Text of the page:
One of the best

December 21, 1993|By Russell Baker

SANTA Claus was a problem from the beginning, but I always liked him, and still do, and have no patience with people who don't. He brings fantasy and good feeling into our lives.

These are valuable gifts these days when so few fantasies bring good feeling and so many take us down among the bleak and the monstrous.

From that early moment when reason first began to spoil for me the pure pleasures of existing, I tended toward skepticism about Santa Claus.

It was not until the fevers of youth had subsided and I had passed beyond middle age's desperate struggle to pass for a grown-up that I fully escaped this glum skepticism.

It originated because the house in which I first became aware of being alive had no fireplace. Santa Claus, who delivered his goods by coming down chimneys, left some at my house despite its lack of a chimney.

Thus is the evil seed of skepticism planted in the unformed mind. I must have raised this question with an adult who told me that we did indeed have a chimney, which was the truth.

To heat the parlor we used a wood-burning stove. It was vented through a metal pipe which extended from the stove into the wall, conducting the smoke into a vertical shaft, which is to say a chimney.

Still, the physical improbability of a fat man in a red suit entering our front room through that metal pipe, barely nine inches in diameter, which even then would have left him trapped inside the wood-burning stove from which he would have to squeeze a corpulent figure and a bag of gifts -- well, skepticism comes naturally to children with their primitive instinct for survival.

It takes a good deal of aging to outgrow it. It takes age's gift for reflection too.

One day, if you have that, you interrupt your perpetual whining at the world long enough to reflect that in just simply having arrived here in this amazing wonder called life, you have been the beneficiary of miracles far more improbable than it would take to get Santa Claus through that metal pipe and out of our wood-burning stove.

As a child afflicted with reason, and therefore cunning, I did not express my skepticism to grown-ups.

Cunningly I reasoned that since declarations of sour doubt might provoke a cutoff of Christmas goodies, a sensible person would keep his lip buttoned about his doubts and, instead, issue expressions of faith in this improbable delivery system.

Eventually, of course, puberty did its work, adolescence loomed on the horizon, and I was smitten by the terrible need to behave like a man of the world.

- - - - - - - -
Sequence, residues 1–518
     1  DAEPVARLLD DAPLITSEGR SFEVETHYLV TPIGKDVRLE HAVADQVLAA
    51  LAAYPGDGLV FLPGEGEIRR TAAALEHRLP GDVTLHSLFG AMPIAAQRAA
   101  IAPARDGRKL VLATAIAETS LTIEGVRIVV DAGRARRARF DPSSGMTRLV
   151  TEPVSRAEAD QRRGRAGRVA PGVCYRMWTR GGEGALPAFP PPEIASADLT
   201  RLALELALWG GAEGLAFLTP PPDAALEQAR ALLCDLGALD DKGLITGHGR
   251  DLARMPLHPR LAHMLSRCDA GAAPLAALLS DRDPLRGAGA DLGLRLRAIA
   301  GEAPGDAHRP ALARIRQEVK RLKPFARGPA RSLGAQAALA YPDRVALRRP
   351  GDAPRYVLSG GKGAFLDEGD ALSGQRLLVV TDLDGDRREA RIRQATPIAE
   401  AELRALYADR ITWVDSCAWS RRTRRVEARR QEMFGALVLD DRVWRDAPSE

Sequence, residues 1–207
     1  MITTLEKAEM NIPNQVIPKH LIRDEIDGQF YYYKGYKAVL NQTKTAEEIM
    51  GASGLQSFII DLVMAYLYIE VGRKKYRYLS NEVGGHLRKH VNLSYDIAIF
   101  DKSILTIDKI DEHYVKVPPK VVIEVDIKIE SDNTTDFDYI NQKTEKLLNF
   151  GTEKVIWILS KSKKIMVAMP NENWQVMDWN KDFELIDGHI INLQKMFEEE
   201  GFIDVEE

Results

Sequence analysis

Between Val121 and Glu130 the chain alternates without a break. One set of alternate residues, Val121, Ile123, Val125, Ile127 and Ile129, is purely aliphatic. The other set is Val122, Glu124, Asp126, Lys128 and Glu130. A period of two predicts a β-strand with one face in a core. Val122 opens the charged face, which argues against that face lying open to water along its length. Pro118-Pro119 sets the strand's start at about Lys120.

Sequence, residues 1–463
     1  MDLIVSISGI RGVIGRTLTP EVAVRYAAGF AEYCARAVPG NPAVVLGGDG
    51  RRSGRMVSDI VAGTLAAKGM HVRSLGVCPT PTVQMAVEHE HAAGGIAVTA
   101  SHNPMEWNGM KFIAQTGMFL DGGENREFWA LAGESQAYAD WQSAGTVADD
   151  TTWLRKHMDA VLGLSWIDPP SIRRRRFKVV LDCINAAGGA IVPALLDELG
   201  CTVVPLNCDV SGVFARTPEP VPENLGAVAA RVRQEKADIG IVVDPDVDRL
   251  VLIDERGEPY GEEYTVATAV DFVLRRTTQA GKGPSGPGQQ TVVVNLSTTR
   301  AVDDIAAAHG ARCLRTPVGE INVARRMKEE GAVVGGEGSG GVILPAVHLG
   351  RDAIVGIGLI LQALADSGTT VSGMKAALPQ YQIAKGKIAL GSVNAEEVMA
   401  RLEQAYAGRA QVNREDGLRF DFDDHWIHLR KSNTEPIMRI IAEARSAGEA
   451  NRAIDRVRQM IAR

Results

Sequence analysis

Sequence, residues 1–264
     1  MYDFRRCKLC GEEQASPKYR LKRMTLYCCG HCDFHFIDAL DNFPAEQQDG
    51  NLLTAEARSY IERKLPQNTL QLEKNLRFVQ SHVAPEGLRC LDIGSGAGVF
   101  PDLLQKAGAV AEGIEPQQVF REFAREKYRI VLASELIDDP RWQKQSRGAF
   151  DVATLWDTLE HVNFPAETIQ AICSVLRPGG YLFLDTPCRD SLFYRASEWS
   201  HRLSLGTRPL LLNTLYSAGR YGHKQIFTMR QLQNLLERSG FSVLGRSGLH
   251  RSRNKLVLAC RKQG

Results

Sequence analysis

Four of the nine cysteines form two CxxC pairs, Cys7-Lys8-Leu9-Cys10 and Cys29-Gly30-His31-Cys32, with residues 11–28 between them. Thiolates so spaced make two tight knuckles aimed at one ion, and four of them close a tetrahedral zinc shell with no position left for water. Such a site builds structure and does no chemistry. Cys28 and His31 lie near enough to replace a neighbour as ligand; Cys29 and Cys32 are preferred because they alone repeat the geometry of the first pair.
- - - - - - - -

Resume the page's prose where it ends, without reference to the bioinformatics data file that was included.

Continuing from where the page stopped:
In this long era when one year was 10 years long and my knowledge expanded until it seemed there was nothing I didn't know -- except how to stop blushing in the presence of girls -- skepticism was the mire in which I wallowed.

Even then, however, Santa Claus retained power over me. Something about him made me feel -- absurdly, inexplicably, nonsensically, irrationally -- good.

I became aware of this strange power as a young man living in Baltimore, where one of the downtown department stores each year placed a laughing Santa Claus in a big window looking into the street. Life-size and remarkably lifelike, he sat on a throne of some sort, rocked ceaselessly from side to side and simply laughed, loudly and joyously.

Hour after hour the amplified roar of this laughter sounded through downtown Baltimore, drawing crowds to the window to investigate, then to be infected by the sound of it until it became impossible not to laugh with it.

The street was always packed with people standing there feeling as silly, I suppose, as I did about laughing and about feeling good for no sensible reason.

Soon after that I had to deal with the Santa Claus problem as a parent and did so by enthusiastically disengaging my children ,, from any sensible adults who had mastered life's psychological pitfalls sufficiently to treat fantasy as dangerous to the young.

When our first-born was not quite 2, I took her downtown to enjoy the excitement of that December's busyness and see the laughing Santa Claus. Alas, it was gone now, but I found a human Santa Claus in another shop window.

"Santa Claus," I said to her. "Wave to him. Say hello." She smiled with utter credulity -- without a trace of skepticism! -- and said, "Hello, Santa Claus." What a beautiful memory it is.

Russell Baker is a columnist for the New York Times.


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